Following the surprise release of U2’s new album Songs of Innocence as a free download to iTunes and Beats Music account holders on Sept. 9, first single “The Miracle (Of Joey Ramone)” quickly enters a pair of Billboard radio charts.
The track jumps onto Adult Alternative Songs at No. 19, adding Greatest Gainer honors. It’s one of just seven songs to debut in the chart’s top 20 this year, with U2 the only act with two such lofty launches: “Invisible” began at No. 13 in February. (“Invisible,” premiered in a commercial during the Super Bowl, arrived as a stand-alone single benefitting the charity RED.)
On Rock Airplay, “Miracle” starts at No. 38 with 1.9 million first-week audience impressions, according to Nielsen BDS.
While reaction to the album’s unorthodox release has ranged from praise for its unprecedented reach to disparagement for its automatic residence in consumers’ accounts, rock radio programmers playing “Miracle” are largely enthusiastic about welcoming new music from a cornerstone act.
“All of the supposed angst over this new release was way overblown. It sounds like a pretty solid record to me,” Bob Waugh, PD of adult alternative WRNR Baltimore, says of Songs. “What’s that saying? ‘Once a name, always a threat.’ Until proven otherwise, U2 is still U2.” WRNR played “Miracle” 21 times in the week ending Sept. 14.
Adult alternative KPRI San Diego music director Mark “Mookie” Kaczor says that the new song’s sound, as well as U2’s prominence, spurred its airplay; the station played the track 23 times in its first week, tied with Sirius XM’s The Spectrum for the top total by any format reporter. “Our audience has grown up listening to U2. We immediately took notice of the news story when the album became available for free.
“This is a great song to stomp out of the gates with, and an homage to a musical legend, as well.”
Despite the new single’s quick chart debut, it contrasts with that of “Get on Your Boots,” the first single from U2’s last studio album, 2009’s traditionally-released No Line on the Horizon: “Boots” stomped onto Adult Alternative Songs at No. 1. It also blasted onto Alternative Songs at No. 8. “Miracle” falls shy of the latter list in its first week.
(U2 has, in large part, graduated from alternative to adult alternative radio. In the past 10 years, the band has tallied 12 top 10s on Adult Alternative Songs and three on Alternative Songs.)
Still, Lynn Barstow, PD of alternative KROX Austin, Texas, muses that “Miracle” “sounds fresher than any of the other recent first singles from U2 projects.” That the station played it 12 times in its first week is a “testament to my take on its quality,” he says.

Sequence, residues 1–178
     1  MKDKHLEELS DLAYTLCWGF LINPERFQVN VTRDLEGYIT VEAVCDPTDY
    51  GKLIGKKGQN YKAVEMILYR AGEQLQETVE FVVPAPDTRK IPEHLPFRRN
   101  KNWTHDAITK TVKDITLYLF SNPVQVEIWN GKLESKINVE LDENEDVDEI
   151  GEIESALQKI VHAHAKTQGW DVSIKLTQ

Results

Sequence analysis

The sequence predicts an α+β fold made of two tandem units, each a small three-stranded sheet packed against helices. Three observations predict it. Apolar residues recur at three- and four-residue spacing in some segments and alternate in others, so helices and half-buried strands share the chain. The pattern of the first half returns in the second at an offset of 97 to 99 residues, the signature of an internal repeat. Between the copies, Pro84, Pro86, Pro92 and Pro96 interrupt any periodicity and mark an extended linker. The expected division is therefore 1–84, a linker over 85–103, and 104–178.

“We’re waving the flag to let the audience know that the biggest band in the world has a new record out.”
Other alternative tastemakers that gave significant spins to “Miracle” in its first week include KUCD Honolulu (17 plays), KITS San Francisco (16) and KROQ Los Angeles (13).
Sky Daniels, PD of adult alternative KCSN Los Angeles (11 first-week plays), calls Songs “fabulous,” while noting both the positive and negative reactions that the set has evoked. “The release has sparked a fiery debate, especially about the potential for consumers to misinterpret the intent and see it as a further devaluation of music, as well as continued emphasis on commercial branding partnerships. Those debates have overshadowed the actual quality of the record.”
U2’s vaunted history could also work against the band, Daniels cautions. With the most No. 1s (11, a mark shared with Coldplay) in the Adult Alternative Songs chart’s 18-year history, as well as the most entries (39) in the Alternative Songs chart’s 26-year archives, “the challenge for U2 is the expectation that it must deliver The Joshua Tree or Achtung Baby every time out.”
Ultimately, he feels that Songs should be considered on its own merits. “The songs are meaningful, beautiful and uniformly great.”
“Good to hear that U2 still has it,” concurs KPRI PD Matt Stone. While relaying that “local artists are upset that one of the biggest bands in the world gave away a whole album when they are fighting for music to be paid for,” he calls “Miracle” a “solid song by a super-solid artist. It sounds great.
“As long as U2 makes good records, the band will be viable.”